hardware that cannot adequately support its day-to-day business. To determine the amount of
aged computer hardware and the cost to replace it, the IRS established a refresh cycle by
equipment category (e.g., servers, routers, and desktop computers) based on industry standards
and an estimated replacement cost. For example, it considers the useful life of a laptop computer
to be 3 years with a replacement cost of $2,150. It estimated the amount of aged computer

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Efforts to Update Aging Computer Hardware Are Underway, but
Program Improvements Are Needed to Minimize Risks

hardware at the beginning of Fiscal Year 2006 was $276 million based on the established
equipment refresh cycles and associated replacement costs. Figure 1 provides a breakdown of
the aged computer hardware by equipment category at the beginning of Fiscal Year 2006.
Figure 1: Backlog of Aged Computer Hardware
at the Beginning of Fiscal Year 2006

$70

$60

$50

$40
Millions

$30

$20

$10

$0
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Source: The Modernization and Information Technology Services organization.

This review was performed in Modernization and Information Technology Services (MITS)
organization offices at the IRS National Headquarters in New Carrollton, Maryland, during the
period August 2006 through April 2007. The audit was conducted in accordance with
Government Auditing Standards. Detailed information on our audit objective, scope, and
methodology is presented in Appendix I. Major contributors to the report are listed in
Appendix II.

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Efforts to Update Aging Computer Hardware Are Underway, but
Program Improvements Are Needed to Minimize Risks

Results of Review

Several Actions Have Been Taken to Address the Aging Computer


Hardware Issue
The Internal Revenue Manual states the Chief Information Officer is responsible for managing
information resources and technology and the IRS long-range objectives and strategies for
improving tax administration through modernizing the tax administration system. The Chief
Information Officer also has responsibility for strategic technology planning, data administration,
technology standards, and the purchase of information technology products and services.
The IRS has initiated several actions to address the risks associated with the aging computer
hardware issue. On September 28, 2006, it hired a contractor to develop a Sustaining
Infrastructure Program, which is intended to provide a comprehensive approach to manage all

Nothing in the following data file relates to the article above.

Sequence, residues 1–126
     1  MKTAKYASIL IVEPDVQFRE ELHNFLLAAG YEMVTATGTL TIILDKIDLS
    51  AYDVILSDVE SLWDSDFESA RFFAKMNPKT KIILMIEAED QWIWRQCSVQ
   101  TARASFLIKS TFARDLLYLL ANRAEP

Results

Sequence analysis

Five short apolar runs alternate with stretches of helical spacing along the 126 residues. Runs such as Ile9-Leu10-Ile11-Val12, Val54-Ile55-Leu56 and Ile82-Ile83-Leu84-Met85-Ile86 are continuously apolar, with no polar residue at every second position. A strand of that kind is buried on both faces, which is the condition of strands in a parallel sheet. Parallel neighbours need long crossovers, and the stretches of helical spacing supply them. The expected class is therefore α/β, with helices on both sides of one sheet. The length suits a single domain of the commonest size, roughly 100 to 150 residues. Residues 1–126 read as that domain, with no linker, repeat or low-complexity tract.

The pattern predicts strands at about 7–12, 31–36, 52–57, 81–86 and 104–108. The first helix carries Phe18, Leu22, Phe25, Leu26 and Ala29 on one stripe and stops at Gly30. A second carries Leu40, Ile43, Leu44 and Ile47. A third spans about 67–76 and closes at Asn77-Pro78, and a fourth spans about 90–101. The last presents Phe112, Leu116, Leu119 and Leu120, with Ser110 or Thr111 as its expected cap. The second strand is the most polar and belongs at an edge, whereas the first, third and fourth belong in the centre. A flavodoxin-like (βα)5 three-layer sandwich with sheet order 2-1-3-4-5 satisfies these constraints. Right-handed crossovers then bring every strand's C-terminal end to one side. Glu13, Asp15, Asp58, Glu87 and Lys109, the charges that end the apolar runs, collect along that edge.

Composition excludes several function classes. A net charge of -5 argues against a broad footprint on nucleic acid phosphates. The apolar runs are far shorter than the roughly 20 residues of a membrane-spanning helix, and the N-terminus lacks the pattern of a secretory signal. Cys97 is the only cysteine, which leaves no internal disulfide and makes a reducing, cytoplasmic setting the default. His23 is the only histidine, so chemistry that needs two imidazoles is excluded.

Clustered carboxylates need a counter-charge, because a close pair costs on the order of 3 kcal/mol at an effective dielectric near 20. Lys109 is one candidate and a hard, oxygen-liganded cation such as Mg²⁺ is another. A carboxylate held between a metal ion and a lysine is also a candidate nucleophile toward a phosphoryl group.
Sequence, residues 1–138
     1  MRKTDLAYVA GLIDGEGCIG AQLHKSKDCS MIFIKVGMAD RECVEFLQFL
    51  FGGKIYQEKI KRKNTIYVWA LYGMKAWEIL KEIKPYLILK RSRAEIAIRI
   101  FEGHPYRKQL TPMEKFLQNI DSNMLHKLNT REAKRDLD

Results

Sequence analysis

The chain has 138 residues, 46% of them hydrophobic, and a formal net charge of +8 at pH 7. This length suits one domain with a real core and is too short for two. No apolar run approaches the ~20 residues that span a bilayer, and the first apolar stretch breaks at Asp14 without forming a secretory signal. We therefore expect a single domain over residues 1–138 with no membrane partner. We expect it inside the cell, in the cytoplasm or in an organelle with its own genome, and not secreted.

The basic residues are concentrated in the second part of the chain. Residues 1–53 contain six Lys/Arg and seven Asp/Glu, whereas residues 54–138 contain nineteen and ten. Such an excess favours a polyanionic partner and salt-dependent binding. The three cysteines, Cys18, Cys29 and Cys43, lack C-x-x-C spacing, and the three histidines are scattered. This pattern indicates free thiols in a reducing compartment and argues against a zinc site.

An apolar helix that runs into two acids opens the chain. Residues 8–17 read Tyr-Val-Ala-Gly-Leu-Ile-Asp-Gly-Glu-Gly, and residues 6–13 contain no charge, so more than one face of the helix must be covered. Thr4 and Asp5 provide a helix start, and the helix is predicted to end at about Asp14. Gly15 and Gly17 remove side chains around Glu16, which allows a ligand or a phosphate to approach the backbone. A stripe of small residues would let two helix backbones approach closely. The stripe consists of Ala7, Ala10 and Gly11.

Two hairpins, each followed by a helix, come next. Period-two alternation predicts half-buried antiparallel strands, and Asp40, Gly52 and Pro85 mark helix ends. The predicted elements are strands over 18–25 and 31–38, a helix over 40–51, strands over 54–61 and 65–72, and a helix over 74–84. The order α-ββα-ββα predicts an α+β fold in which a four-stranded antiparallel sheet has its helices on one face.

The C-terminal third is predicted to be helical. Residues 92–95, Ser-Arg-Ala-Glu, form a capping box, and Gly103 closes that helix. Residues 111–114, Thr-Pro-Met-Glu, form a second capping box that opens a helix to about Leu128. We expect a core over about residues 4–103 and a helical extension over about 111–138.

infrastructure requirements and establish a governance structure to prioritize competing
initiatives/activities (i.e., Infrastructure Roadmap, End of Life Equipment Replacement (Rust
Replacement), and Security Infrastructure). The IRS is scheduled to complete implementation of
the Sustaining Infrastructure Program in Calendar Year 2008. Figure 2 contains a brief
description of the different initiatives/activities.
Figure 2: Infrastructure Initiatives/Activities

Initiative/Activity Description
Infrastructure Roadmap This initiative is intended to identify infrastructure
investment opportunities (including computer hardware)
with potential for significant return on investment or
savings, risk mitigation, service delivery improvements,
security, and compliance and to better align information
technology investments with business needs.
End of Life Equipment This activity is intended to fund the replacement of aging
Replacement (Rust Replacement) computer hardware components.
Security Infrastructure This initiative is intended to fund projects to enhance the
security of the information technology infrastructure.
Source: The MITS organization.

To address the annual spending deficit for the aging computer hardware issue, the IRS planned to
augment the current $45 million it was spending to sustain the hardware by reallocating an
additional $45 million in each of Fiscal Years 2006 through 2008 from savings it achieved
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Efforts to Update Aging Computer Hardware Are Underway, but
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through program efficiencies. The additional funding would result in a total increase of
$135 million by Fiscal Year 2008 to achieve the spending goal of $180 million each year to
maintain and replenish the computer hardware. To address the backlog of aged hardware
inventory, the IRS Fiscal Year 2008 Congressional Budget Submission requested an additional